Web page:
Though we can assess free kicks using this ‘interpretation’ of possession, in a very rudimentary manner, by calculating how many goals are scored ‘per pass’ in the Premier League. Using data on the average number of passes per team last season (5189.6) and average goals scored (53.3) we can calculate, using regression analysis, that an additional pass in total would contribute 0.003goals. So a pass cannot be interpreted to have much of an effect on goals at all (although it is statistically significant).

If we use this method and merely counted passing a free kick as just keeping possession, ignoring the quality (ie. location of the ball), a passed freekick would have to result in 269.8 passes to ‘create’ a goal or 15.11 passes to equal the chance of scoring from a direct free kick (0.056). It is clear that this is not the stat to use. Although the fact that 14.03 passes are ‘equivalent’ to a shot really puts the issue into perspective.

The next step is to include the quality of possession. Handily data for passes in the final third is available, and by using the same method as before we come to a figure of 0.016 goals per final third pass.

To put this into context a team choosing to pass from a free kick would need to make 3.5 passes in the final third to equal the statistical chance of scoring directly from the free kick. This is a huge simplification, there are many influencing variables (defenders will be deep and clustered in front of the goal), but you can begin to see how ineffective the choice of shooting has been.

Using regression analysis again a through ball is calculated to contribute 0.14 goals – If a team manages to play a through ball from a free kick instead of shooting they have a chance of scoring 2.85 times more likely than directly shooting. Again, there are obviously other interfering factors here, but still, even without precise data it is clear that it is very possible that passing is much more effective than shooting from free kicks. For reference a through ball is defined as “a pass splitting the defence for a team-mate to run on to.”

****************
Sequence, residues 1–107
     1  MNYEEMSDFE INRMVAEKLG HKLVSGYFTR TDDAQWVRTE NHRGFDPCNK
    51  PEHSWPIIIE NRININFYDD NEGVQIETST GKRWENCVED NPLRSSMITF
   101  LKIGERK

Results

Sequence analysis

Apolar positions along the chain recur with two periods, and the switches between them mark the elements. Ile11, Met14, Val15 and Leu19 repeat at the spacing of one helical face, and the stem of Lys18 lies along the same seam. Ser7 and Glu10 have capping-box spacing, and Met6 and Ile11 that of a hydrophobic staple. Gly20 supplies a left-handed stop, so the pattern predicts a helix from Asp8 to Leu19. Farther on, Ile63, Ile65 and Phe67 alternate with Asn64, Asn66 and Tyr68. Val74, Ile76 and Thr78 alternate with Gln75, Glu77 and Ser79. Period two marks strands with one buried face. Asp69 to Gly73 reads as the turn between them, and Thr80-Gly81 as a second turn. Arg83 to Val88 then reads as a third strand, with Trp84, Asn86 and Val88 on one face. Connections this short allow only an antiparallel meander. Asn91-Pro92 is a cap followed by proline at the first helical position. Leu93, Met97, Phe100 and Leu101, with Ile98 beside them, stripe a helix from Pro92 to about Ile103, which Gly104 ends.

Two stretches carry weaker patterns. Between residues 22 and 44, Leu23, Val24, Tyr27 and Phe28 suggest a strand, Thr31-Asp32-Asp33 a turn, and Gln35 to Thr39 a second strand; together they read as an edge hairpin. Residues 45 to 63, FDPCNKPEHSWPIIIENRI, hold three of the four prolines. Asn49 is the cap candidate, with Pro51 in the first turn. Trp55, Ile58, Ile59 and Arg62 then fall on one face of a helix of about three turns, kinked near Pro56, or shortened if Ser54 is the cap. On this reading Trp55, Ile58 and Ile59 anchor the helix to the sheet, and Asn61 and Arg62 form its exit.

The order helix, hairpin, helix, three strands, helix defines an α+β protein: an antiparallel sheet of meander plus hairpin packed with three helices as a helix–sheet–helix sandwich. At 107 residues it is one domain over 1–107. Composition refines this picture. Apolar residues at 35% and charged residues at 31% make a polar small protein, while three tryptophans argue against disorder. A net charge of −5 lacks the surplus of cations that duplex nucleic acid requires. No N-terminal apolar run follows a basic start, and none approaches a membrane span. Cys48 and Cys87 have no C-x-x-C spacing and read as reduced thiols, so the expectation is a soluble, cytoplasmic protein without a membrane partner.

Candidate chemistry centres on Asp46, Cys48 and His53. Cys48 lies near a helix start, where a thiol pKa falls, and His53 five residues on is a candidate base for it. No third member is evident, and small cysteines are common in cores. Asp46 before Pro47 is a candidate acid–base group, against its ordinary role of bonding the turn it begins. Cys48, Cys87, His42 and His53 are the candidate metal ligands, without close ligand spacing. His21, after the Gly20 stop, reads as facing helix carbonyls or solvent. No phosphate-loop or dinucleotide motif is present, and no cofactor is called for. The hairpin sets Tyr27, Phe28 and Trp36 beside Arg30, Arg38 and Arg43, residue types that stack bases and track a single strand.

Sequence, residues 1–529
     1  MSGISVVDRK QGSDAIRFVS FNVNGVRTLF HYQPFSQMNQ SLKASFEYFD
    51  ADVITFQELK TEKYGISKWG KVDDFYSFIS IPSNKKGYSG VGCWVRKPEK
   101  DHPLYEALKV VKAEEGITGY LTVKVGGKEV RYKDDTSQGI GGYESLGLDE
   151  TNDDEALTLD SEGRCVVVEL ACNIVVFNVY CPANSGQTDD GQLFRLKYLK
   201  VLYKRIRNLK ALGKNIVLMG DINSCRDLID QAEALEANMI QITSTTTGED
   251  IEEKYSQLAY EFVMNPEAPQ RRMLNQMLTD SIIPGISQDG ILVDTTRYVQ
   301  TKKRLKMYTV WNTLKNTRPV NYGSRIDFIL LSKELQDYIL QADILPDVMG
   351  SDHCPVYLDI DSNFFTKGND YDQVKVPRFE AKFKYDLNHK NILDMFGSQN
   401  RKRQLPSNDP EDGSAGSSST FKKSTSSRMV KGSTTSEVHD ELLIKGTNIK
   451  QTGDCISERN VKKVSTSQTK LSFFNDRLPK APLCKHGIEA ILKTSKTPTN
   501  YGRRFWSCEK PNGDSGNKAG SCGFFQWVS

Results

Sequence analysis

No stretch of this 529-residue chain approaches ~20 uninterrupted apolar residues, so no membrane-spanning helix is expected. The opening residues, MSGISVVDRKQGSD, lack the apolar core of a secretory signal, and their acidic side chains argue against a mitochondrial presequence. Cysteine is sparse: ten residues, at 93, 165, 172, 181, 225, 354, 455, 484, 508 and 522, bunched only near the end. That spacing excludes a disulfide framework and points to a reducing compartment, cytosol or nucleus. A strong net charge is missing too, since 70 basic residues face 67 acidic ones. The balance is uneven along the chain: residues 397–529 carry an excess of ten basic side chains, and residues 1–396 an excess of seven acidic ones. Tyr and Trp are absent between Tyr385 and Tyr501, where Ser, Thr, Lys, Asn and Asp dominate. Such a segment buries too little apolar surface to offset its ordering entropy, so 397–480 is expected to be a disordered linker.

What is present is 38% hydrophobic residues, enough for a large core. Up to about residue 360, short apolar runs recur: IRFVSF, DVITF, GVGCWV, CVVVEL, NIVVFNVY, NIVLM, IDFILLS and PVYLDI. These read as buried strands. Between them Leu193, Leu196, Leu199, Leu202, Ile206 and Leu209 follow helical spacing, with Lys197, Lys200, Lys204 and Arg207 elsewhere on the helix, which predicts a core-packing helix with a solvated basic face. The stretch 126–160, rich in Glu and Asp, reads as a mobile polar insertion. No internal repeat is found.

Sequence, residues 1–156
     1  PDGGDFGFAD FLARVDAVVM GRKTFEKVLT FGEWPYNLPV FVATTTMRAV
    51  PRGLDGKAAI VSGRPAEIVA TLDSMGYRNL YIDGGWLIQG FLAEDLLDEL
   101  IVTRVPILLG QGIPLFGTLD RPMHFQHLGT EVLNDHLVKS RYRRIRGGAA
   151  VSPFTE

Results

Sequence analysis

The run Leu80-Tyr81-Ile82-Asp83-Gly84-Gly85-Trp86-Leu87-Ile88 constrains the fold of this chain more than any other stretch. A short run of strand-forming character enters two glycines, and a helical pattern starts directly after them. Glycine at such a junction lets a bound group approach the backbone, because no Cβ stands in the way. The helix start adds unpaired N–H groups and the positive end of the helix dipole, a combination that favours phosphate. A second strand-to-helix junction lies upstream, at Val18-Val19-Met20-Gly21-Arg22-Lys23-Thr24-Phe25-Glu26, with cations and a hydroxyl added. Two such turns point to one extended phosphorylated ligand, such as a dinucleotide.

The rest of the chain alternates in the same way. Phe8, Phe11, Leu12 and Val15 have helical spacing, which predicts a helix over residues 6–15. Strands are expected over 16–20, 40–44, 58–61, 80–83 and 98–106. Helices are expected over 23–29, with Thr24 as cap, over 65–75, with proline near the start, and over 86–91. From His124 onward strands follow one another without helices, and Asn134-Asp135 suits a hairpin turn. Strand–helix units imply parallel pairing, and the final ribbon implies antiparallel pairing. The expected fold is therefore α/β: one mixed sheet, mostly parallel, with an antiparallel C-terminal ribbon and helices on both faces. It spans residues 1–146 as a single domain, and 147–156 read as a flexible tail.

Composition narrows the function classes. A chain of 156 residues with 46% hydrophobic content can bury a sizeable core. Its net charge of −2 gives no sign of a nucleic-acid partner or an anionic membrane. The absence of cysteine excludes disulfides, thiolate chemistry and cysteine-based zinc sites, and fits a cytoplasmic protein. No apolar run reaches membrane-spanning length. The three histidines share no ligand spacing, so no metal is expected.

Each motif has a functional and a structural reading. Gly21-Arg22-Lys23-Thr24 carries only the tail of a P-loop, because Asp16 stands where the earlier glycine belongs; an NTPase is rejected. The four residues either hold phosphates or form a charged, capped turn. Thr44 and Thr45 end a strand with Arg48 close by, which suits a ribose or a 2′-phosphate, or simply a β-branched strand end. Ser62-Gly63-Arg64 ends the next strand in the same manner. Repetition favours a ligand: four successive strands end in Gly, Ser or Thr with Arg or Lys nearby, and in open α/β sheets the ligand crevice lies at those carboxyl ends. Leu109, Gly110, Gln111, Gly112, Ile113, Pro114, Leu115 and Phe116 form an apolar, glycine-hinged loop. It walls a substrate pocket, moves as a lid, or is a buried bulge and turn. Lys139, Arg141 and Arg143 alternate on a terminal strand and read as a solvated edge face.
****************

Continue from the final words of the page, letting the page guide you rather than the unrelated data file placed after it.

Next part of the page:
We can also try and control some of the influencing factors.

Whilst browsing the through ball data it became clear that some teams who play a lot of through balls also don’t score many goals per through ball. These teams are Arsenal, Bolton, Chelsea, Liverpool, Manchester City, Tottenham, and Swansea. It is not too great a leap to make the assumption that the reason for such a low conversion rate is due, at least in part, to the team’s playing style which is relatively more possession based (Bolton perhaps being the exception), and whom thus could be argued to ‘encourage’ teams to sit deep against them. If this is true then perhaps we should base the through ball conversion rate from the data that these teams give us, as it will more accurately represent a deadball situation – defenders sitting very deep inside their half and inside their own box. Surprisingly using the data solely from these teams the result is actually greater at 0.18.

It is evident that these teams are more reliant on goals from through balls relative to the other teams in the division, therefore of course through balls will ‘explain’ more variation in goals (in fact the r2 for this regression is 0.94 compared to 0.79 previously, so statistically it does explain more of the variation). This makes them even more ideal – not only do they remove some of the problems with this analysis, but their through balls also explain more of the variation in goals relative to other teams in the division, who score more goals in alternative ways. For instance teams lower down the table may score more goals from set pieces, through errors and opportunism, or from gambling from distance (Stoke who are set piece / long ball specialists have the highest goals per through ball: 23 through balls, 36goals).